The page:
Released in 2016, No Man’s Sky was widely seen as a disappointment following years of big promises from the developers. This space exploration sim felt remarkably stagnant for a supposedly endless galaxy, though Hello Games worked to add features and refine the experience after launch. Furor (and interest) has died down since then, but the developers are still working on No Man’s Sky. The free “Next” expansion is rolling out soon, adding myriad features that should have been included in the initial game.
At launch, Hello Games claimed the galaxy of No Man’s Sky was simply too large for true multiplayer. While you shared the same universe with other players, there was supposedly no chance of running into them. We learned that was incorrect almost immediately. Players promptly found themselves coming across the same planets, and no one could see each other even when they were there.
The Next update finally adds true multiplayer. You can team up with friends or random travelers to explore the universe, take on space combat missions, or race across the surface of an alien world. Bases you build as a team will also be available to all members of your party. Speaking of bases, the Next update adds hundreds of new components and increases the maximum size of structures. You can also build those bases anyplace on a planet instead of just in predefined areas.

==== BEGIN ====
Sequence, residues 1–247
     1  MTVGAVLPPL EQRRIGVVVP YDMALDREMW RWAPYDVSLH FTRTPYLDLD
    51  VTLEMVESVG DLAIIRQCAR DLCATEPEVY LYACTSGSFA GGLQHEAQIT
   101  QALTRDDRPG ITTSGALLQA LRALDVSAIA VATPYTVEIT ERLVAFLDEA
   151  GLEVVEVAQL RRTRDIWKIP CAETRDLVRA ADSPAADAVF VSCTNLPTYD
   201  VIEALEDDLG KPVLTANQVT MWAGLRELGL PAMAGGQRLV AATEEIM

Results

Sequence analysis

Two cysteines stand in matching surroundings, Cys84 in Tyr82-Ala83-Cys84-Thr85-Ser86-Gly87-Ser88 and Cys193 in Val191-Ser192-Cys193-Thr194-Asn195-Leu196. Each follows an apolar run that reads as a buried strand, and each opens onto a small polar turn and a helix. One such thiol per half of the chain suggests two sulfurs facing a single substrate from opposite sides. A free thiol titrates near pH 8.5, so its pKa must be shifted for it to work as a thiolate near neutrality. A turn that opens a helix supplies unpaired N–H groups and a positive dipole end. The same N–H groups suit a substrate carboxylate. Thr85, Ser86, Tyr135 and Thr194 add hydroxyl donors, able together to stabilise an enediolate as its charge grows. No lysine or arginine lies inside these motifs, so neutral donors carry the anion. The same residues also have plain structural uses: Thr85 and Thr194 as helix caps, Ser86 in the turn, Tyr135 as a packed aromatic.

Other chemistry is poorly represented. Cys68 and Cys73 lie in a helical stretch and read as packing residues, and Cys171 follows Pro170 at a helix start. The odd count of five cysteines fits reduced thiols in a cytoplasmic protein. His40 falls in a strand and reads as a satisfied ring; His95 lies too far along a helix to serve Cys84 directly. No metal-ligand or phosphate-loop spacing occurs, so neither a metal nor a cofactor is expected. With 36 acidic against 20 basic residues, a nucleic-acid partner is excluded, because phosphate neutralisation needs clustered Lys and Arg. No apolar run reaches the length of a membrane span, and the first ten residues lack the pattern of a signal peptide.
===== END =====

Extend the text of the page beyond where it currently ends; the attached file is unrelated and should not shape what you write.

There will also be a new fleet-building mechanic, but it’s not clear how that will work. Apparently, players will be able to build a fleet of freighters and send them on missions via the command bridge on their own ship. This will tie in with multiplayer features, so you can invite friends into your fleet. Be careful, though. Other players can also act like pirates to attack and steal your resources.
This update does look compelling, but so did the original trailers. The game we got in 2016 felt unfinished. Maybe now it’ll finally be the kind of experience we hoped for back then. No Man’s Sky Next launches on July 24 for PC and PS4 as a free update. The game will also come to Xbox One for the first time on the same day.
Should Spectre, Meltdown Be the Death Knell for the x86 Standard?
Spectre and Meltdown are serious CPU flaws, but do they warrant throwing out the entire closed-source CPU model?
How to Tell if You Should Use Blockchain in Your Application
There is plenty of hype around Blockchain, starting from the enthusiasm caused by the price increases of Bitcoin and many other cryptocurrencies. It is a powerful and versatile technology, but it isn't right for every application. We'll give you some ways to assess whether it is right for yours.
Dual-Motor Tesla Model 3 Production Should Start This Summer
The company is only churning out a few thousand vehicles per week, and the ramp-up has been slow. However, CEO Elon Musk says the improved dual-motor Model 3 is still coming, and he expects to begin production this summer.
Which JD Power Study Should You Trust the Most?
The surveys do different things: VDS does a better job forecasting reliability of a car you'll own for years, while IQS counts hassles (navi hard to use) as well as mechanical issues in the first 90 days.